Saturday, November 15, 2008

Dawn of the Dead (2004)

When Dawn of the Dead came out I avoided it like the plague. I really didn’t think it could be any good; remakes in general are usually never worth your time and even though I hadn’t seen George Romero’s original at the time I knew there would be no way that a remake by a then no-name director would be able to hold a candle to the original. Turns out Zack Snyder and James Gunn had the same thoughts as I did.

The remake of Dawn of the Dead is as different from the original as it could possibly be. Snyder and Gunn took the idea of the zombie plague and survivors trapped in the mall and changed everything they could to pay a gentle homage to Romero without being caught in the trap of having to do a literal remake.

In this remake the rules are slightly different than Romero’s; in Romero’s zombie infested world there are several things that remain constant – people are fighting against the undead and the zombie’s populace. For Snyder’s remake no help might be somewhere but it is not an available presence. However, the most memorable change is the zombies.

The Dead trilogy has a very specific style of zombie; when you are bitten it takes days to change, and when you do you are a slow, lumbering, brainless beast. From the first sighting of a zombie in this film the difference is evident – victims are changed as soon as they release their last breath and they are vicious. These are not zombies that will slowly make their way to you and try to tear you apart, these zombies are lighting fast, brutally strong and completely savage. Changing the zombies changes the tone and feel of the piece, taking it from a remake into a film that could have been given a different name and the avid Romero fan would have simply recognized the film as an homage.

What I did love is that Gunn and Snyder take the time to pay homage to Romero. The mall is obviously an homage to the original Dawn of the Dead, to pay tribute to Night of the Living Dead the first zombie that is seen is a little girl and to in reference to Day of the Dead the survivors want to escape to an island where they hope the undead won’t have reached. There are a great deal more subtle nudges to the original films, but these were by far my favorites.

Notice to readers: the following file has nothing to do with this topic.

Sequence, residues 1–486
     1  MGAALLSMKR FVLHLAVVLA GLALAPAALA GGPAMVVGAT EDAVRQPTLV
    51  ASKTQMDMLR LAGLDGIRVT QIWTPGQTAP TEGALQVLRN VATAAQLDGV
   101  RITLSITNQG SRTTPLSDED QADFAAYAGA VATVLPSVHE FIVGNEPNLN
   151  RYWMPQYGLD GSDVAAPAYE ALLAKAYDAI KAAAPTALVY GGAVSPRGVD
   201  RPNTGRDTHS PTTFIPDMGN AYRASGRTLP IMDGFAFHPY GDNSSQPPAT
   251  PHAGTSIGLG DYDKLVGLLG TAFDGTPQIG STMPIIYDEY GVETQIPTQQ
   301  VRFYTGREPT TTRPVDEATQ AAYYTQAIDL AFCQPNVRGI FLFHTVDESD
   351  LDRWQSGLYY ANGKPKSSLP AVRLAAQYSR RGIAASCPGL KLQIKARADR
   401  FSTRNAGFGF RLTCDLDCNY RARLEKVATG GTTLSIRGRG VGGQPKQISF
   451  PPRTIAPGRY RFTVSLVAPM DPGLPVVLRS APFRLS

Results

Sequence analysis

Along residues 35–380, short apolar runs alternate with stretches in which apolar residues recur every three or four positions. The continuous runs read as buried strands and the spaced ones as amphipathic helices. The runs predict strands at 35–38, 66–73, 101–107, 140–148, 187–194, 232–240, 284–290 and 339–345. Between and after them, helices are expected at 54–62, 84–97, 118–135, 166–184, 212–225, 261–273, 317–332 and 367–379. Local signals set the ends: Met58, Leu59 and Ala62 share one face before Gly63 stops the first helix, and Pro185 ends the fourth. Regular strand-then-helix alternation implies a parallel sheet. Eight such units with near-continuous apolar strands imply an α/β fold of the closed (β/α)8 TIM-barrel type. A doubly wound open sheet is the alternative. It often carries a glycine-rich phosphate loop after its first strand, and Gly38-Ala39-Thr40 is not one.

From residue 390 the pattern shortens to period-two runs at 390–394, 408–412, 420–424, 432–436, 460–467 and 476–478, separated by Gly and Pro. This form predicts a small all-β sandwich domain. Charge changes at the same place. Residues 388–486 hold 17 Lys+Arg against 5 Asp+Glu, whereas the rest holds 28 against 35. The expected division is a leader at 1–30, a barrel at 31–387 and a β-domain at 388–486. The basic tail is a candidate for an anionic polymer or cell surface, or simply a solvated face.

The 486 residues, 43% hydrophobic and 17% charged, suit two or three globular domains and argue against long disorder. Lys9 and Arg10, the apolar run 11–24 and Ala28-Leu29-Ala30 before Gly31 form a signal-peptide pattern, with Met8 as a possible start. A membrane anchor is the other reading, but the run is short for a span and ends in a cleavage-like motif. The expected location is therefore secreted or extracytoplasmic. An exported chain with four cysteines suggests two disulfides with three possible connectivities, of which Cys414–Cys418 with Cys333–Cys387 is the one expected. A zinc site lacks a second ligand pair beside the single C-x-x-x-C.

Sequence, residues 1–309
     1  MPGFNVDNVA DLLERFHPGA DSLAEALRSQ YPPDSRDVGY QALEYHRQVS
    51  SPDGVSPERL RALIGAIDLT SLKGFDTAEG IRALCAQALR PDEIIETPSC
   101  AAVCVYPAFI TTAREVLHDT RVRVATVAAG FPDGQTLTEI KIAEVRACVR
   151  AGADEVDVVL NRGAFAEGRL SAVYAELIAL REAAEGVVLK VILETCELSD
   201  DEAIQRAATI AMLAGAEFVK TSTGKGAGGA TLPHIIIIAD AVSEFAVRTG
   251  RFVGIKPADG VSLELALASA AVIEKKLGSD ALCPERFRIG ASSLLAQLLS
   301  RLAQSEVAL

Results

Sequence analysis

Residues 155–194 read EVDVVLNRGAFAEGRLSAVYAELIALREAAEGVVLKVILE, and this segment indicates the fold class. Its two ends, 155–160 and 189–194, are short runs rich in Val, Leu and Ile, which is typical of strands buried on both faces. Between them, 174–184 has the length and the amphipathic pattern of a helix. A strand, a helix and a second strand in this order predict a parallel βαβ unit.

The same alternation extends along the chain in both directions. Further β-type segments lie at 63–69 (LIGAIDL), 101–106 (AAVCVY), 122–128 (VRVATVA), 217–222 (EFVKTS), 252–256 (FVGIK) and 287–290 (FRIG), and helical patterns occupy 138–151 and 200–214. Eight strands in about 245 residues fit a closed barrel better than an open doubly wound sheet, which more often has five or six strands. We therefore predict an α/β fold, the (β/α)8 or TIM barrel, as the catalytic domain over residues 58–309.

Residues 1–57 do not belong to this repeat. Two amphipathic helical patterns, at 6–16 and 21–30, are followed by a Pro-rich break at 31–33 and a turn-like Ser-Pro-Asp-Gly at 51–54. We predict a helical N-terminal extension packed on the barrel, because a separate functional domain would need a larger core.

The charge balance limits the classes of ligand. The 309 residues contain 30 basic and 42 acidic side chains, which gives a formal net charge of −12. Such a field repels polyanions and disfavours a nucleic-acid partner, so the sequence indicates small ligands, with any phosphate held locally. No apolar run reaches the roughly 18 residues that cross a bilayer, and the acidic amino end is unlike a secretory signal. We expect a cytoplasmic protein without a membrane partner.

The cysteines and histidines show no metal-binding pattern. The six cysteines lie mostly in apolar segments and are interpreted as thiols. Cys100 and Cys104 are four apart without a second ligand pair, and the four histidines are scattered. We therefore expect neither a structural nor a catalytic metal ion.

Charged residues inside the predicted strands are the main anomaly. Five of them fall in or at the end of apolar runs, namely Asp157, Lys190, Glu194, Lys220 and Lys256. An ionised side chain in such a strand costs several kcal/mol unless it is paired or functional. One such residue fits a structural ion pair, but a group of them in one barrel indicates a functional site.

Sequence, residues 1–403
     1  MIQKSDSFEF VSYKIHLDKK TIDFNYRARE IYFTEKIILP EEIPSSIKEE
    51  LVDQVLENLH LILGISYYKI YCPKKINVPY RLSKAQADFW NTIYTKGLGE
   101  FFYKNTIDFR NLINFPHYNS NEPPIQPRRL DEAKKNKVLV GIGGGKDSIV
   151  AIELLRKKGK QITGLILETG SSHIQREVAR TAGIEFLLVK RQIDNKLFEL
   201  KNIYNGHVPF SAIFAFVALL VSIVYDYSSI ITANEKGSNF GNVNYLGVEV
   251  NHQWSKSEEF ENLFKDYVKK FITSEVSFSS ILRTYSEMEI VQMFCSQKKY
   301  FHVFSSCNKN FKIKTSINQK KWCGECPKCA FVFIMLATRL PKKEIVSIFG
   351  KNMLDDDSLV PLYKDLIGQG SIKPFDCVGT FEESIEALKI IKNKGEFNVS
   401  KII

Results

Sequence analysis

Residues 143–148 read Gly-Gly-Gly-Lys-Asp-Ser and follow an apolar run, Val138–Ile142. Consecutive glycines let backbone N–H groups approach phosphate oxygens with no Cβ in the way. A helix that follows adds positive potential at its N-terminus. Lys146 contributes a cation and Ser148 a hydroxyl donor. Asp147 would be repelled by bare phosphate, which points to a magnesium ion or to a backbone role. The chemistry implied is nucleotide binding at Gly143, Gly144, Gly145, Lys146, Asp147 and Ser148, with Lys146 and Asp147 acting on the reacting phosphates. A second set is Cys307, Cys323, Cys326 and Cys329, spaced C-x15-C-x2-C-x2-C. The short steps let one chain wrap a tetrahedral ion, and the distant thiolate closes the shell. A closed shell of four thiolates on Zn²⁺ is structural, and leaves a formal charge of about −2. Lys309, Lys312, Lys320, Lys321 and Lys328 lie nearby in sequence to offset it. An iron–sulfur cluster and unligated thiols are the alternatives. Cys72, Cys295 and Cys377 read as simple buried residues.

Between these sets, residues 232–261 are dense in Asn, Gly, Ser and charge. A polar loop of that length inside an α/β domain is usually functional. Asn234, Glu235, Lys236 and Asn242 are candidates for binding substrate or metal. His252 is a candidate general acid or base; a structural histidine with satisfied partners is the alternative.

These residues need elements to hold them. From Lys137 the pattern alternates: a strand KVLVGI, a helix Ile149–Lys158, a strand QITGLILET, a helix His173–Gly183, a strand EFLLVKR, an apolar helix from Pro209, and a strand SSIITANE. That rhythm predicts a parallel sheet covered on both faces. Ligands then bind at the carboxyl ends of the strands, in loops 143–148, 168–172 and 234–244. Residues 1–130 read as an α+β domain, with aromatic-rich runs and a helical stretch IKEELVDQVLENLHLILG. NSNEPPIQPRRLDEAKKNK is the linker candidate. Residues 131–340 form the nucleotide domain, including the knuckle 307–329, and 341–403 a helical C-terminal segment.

Having seen what is considered Snyder’s first major film it is easy to see that he is capable of much more than comic book adaptations. The man does have a style of his own and it is a very fun one. I just want him to start working with completely original material because he is quickly going to becoming the man who does movies based on graphic novels.

Director: Zack Snyder
Writer: James Gunn
Ana: Sarah Polley
Kenneth: Ving Rhames
Michael: Jake Webber
Andre: Mekhi Phifer
Steve: Ty Burrell
CJ: Michael Kelly
Terry: Kevin Zegers
Bart: Michael Barry
Nicole: Lindy Booth
Norma: Jayne Eastwood
Tucker: Boyd Banks
Luda: Inna Korobkina

Kenneth: Is everyone there dead?
Steve: Well, dead-ish.
Kenneth: Is everyone there dead?
Steve: Yeah, in the sense that they all sort of, uh... fell down... and then got up... and started eating each other.

Dawn of the Dead image from Art of the Title.

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